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Mark MossaSeptember 20, 2004

"Isn’t he sooo cute!” coos Amy. She is not talking about some fraternity boy she’s in love with. She’s melting over John Paul II chanting a Latin hymn on a CD she has brought with her on retreat. Only the pope is that kind of cute. Even after 15 years of working with young people, such moments still strike me as odd. Yet, odd as it may seem, I hesitate to label Amy a freak or even a conservative (though she might be happy to describe herself as such). I know Amy, and coming from her this is not odd. She’s one of the many college students I meet from day to day, each searching for God in his or her own way. When it comes to things Catholic, she may be extreme and at times even closed-minded, but not more than many other students at a Catholic college or university. The difference is that other students are extreme about things like alcohol, sex, their studies (sometimes) and maybe even social justice. Many of us who work at universities are accustomed to seeing these extremes as normal and, in the case of the last two, even laudable. Yet, while we are inclined to forgive the students these “normal” obsessions, we sometimes tend to see the love for the pope and enthusiasm for the Catholic faith expressed by students like Amy as weird and even dangerous.

Amy is one of the more enthusiastic members of a group of traditionally minded students I began working with this year. When I walked into their first meeting last year, attended by 40 students, I wondered how I would be received. Would it be as the “liberal Jesuit,” of whom some of them had been taught to be suspicious, sent perhaps to disabuse them of their faulty notions about Catholicism? They had no way of knowing that I had been much like them during my college years, struck by the newness of things I had not been previously taught about my faith, eager to know and put into practice what it meant to be Catholic, zealous and, yes, sometimes extreme and closed-minded.

I had no agenda for my work with them. I just wanted to get to know them, and I hoped they would want to get to know me. What good could I do them if I didn’t start there? So often what we know of such students is not who they really are, but who we imagine them to be (usually either someone who thinks as we do, hence worthy of praise, or someone who thinks the opposite, and so subject to our criticism)—not unique individuals with names, just some predetermined set of character traits and opinions. But in my experience, things are much more complicated than that. Let me introduce you to some of my students.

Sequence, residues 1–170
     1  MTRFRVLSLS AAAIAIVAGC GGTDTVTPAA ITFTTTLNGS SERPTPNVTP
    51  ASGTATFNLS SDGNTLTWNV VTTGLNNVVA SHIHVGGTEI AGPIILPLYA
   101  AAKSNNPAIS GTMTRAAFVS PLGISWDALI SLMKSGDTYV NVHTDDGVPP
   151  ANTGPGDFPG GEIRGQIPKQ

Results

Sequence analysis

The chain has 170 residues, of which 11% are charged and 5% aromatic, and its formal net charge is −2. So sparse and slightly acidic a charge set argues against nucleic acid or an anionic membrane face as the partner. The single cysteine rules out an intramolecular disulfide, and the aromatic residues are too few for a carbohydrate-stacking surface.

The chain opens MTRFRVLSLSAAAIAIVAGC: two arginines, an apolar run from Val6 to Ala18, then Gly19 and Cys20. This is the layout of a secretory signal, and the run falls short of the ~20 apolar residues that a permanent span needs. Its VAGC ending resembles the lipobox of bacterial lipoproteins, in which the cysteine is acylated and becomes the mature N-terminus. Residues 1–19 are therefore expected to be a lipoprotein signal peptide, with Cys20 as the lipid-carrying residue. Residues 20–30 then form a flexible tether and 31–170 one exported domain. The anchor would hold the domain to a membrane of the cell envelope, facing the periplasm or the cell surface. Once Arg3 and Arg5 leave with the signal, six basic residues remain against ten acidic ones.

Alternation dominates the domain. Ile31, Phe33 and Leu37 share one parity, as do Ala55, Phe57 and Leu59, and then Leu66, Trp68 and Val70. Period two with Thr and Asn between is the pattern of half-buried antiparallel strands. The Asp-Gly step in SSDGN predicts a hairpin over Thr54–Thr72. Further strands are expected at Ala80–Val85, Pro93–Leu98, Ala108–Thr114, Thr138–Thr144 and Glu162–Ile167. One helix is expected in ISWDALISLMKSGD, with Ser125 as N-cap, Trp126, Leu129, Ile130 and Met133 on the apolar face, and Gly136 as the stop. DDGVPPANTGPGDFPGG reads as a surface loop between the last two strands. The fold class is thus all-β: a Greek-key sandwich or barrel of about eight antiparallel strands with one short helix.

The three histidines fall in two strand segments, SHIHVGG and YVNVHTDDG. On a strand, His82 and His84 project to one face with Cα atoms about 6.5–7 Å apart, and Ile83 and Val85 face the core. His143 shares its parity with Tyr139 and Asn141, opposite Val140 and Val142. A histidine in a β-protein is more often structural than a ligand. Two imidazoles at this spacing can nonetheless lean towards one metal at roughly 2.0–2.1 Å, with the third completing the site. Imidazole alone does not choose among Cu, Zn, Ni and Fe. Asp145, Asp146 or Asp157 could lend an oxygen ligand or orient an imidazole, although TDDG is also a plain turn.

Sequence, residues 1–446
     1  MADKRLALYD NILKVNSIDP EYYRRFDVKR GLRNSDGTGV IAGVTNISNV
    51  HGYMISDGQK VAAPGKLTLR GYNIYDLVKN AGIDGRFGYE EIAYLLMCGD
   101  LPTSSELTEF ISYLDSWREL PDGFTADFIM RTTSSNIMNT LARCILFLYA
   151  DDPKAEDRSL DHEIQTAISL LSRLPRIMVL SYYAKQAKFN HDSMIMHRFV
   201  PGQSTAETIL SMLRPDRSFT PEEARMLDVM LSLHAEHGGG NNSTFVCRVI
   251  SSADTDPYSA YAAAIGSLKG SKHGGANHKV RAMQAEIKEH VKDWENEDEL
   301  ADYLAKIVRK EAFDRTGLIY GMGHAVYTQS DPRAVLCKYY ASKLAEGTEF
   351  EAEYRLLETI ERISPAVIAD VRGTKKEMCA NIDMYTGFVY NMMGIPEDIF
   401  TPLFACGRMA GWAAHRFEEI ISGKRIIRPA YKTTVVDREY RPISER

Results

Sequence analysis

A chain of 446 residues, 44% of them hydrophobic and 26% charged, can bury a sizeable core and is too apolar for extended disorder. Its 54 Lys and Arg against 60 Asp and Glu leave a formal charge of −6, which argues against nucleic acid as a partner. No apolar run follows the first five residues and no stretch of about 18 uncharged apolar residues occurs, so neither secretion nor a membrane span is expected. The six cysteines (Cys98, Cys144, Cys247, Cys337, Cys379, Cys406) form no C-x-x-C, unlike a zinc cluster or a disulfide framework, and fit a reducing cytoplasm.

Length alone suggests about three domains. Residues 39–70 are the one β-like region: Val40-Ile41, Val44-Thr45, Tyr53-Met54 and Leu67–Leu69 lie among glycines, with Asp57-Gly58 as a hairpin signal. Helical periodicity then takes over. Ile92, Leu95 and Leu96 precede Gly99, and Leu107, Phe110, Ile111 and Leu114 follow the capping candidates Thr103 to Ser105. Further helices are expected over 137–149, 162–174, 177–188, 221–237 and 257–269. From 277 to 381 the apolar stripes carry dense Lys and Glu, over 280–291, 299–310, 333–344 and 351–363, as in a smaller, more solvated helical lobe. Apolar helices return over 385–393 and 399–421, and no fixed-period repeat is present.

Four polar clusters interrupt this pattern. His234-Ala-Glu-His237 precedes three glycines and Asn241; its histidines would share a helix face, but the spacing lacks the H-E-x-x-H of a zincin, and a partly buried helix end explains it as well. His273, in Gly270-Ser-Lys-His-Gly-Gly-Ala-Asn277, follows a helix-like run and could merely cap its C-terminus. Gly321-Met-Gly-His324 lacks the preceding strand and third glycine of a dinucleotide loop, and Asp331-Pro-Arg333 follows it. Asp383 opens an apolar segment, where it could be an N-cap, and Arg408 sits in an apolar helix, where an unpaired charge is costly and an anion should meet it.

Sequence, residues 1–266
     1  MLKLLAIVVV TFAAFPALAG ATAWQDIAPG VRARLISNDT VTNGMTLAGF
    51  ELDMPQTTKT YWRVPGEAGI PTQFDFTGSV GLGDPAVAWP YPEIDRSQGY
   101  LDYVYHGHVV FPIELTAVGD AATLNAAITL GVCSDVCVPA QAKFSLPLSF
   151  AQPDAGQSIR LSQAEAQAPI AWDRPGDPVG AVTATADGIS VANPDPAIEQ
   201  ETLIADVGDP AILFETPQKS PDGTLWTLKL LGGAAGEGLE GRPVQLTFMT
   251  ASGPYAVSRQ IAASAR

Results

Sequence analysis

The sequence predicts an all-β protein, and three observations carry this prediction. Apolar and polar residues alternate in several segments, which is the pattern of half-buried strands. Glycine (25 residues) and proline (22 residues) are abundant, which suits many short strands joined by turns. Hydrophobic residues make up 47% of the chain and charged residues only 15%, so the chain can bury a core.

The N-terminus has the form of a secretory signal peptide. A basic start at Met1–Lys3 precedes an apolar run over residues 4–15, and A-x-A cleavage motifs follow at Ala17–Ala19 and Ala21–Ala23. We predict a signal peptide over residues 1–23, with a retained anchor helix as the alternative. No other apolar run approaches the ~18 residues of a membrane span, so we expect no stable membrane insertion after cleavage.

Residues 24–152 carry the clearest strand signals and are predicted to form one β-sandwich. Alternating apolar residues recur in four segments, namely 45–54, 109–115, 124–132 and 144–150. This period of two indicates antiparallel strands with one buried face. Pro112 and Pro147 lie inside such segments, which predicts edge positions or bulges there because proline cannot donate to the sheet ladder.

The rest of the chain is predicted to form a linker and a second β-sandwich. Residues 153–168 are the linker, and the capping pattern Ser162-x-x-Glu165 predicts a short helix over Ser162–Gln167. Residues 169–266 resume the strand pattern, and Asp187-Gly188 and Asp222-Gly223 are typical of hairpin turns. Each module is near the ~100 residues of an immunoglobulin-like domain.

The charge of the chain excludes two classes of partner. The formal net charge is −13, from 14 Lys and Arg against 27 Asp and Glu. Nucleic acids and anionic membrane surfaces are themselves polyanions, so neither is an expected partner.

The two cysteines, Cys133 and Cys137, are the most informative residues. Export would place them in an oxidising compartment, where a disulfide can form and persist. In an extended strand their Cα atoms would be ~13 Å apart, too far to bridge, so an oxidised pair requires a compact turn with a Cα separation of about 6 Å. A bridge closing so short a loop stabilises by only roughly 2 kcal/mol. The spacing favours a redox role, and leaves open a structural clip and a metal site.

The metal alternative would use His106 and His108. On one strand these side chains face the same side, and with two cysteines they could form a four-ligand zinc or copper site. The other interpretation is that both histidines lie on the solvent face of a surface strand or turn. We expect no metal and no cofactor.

Some, like Amy, were easy to get to know. Physically imposing, vocal and passionate, like a town crier she led the effort to rouse the whole campus to celebrate the 25th anniversary of John Paul II’s pontificate.

The mouse-like and gentle Tara, while physically and temperamentally the opposite of Amy, was just as serious about her faith and especially fierce—though in a gentle way—in her promotion of pro-life causes.

I thought I had Alex, a freshman, pegged as far too serious, rigid and kind of scary (this was prompted by his graphic explanation of why Dante’s Inferno was his favorite book), yet by the end of the year he was one of the more relaxed and open of the group. Alex even surprised us all by being a finalist in a sorority contest. When asked, “What’s your favorite pick-up line?” he told how he would kneel down next to a pretty girl in church and ask, “Confess here often?”

Peter, an introverted aspiring folk-singer/rock star was harder to get to know, but at his concerts he became more transparent. His songs betrayed what he was thinking about. In the spring semester, he took my ethics class, which gave us the opportunity to talk about serious issues, like the Iraq war, and not so serious ones, like our common interest in superheroes.

Mary, quiet and unassuming, with a dry sense of humor, participates in the group’s meetings, sings in the choir for Mass, and joined us for both the protest at the School of the Americas and our alternative Mardi Gras mission to Mexico.